In early 2018 when I launched my consulting & coaching business, I was bright-eyed and bushy-tailed at the prospect of clients filling my roster, people lining up to sign up for my sessions and money flowing in without abatement.

I had a few loyal clients (by that, I mean 4) who signed up because they’d known me in another capacity.

They loved the work and I enjoyed what I did and it was all hunky dory for a while. Until it wasn’t.

Turns out I didn’t know the first thing about what actually went into the volume of work involved in the process. Neither did I understand how to work without burning out or how to say no when I couldn’t do anymore.

It was only in June 2020 (over 2 years after I launched) that I began to refine what my work was, who my ideal clients were and how I could reach them.

9 months later, I now manage to:

  • Sleep better (7 to 8 hours every night)
  • Make time to do my morning workout and meditation every day
  • Wake up without an alarm at/before 5 AM
  • Sell my courses and products
  • Fill my calendar with just enough clients for each month
  • Work on my most favourite thing in the world: Writing and creating content for my audience
  • Bring in a steady and sustainable income without the stress, every single month

Today, 3 years later, I’m sharing my learnings on this journey. If you’re thinking of becoming a coach or offer services of any kind, follow these guidelines before you do.

This 5-step checklist is what you need before starting an online business.

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Phone and two pencils against a white backdrop

Stop being everything to everyone

As a coach it can be very tempting to try and do it all. Ever found yourself in that pickle?

As a blogger with over a decade of experience, I find myself reasonably well-versed in the tech side of blogging while my strengths are really the idea of creativity and audience building, the organic way.

When I began to offer services I didn’t do the research necessary and wound up being a bit of a do-it-all handywoman.

  • Needed help setting up your WordPress theme on your new website? I’d do it for you.
  • Wanted someone to handle your email marketing and send emails for you every week? I was your gal.
  • What if you wanted a person to write out all those extensive blog posts for you- double spaced and well formatted? Hey, I could do that too!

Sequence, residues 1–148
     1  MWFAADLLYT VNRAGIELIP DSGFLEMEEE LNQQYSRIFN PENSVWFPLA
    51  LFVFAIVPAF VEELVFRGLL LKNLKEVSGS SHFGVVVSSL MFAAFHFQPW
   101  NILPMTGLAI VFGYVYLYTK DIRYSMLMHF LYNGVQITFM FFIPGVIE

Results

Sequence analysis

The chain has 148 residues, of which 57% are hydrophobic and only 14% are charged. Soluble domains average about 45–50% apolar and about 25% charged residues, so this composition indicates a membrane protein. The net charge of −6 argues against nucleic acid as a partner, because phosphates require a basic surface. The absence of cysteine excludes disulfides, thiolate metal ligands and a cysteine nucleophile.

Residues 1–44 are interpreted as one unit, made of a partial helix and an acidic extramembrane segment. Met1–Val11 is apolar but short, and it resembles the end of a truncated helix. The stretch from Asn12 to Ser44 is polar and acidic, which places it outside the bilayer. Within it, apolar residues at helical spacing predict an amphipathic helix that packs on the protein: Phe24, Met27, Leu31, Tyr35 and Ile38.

But I wasn’t actually doing what I was good at:

Teaching creators how to grow their audience and DIY their blogs and their social media management

Instead I was being the go-to person for everyone who wanted a quick fix on their blogs or be their social media manager. This wasn’t me and this wasn’t what I’d signed up for when I launched my business.

Once I changed that by clarifying my purpose and letting my audience know, things began to improve.

Additionally, I managed to rework my service pages and update them to reflect exactly who I’d be serving.


Only commit to that which you can deliver

This is a trap most coaches and consultants inevitably fall into: The danger of over-committing to a project with unrealistic timelines.

For this to actually work, you have to be clear on what your specialization is and how long it will take you to work on the chosen project.

If you’re worried about doing it faster than your competitor in this space, you risk doing the job badly or burning yourself out in the process. Both scenarios are less than ideal.

Here are the changes I made:

  1. If it meant that the same service could be conveyed in an e-book instead of a personal coaching call, I directed them there first.

2. I started offering more realistic timelines for progress.

3. If they were on a tight budget, I suggested that they sign up for a group session instead

4. If I knew someone else in my niche who could handle their work instead of me, I would readily direct them there. This is collaboration and a form of networking called ‘Netcaring’ that is practised wonderfully by my own coach, George Kao.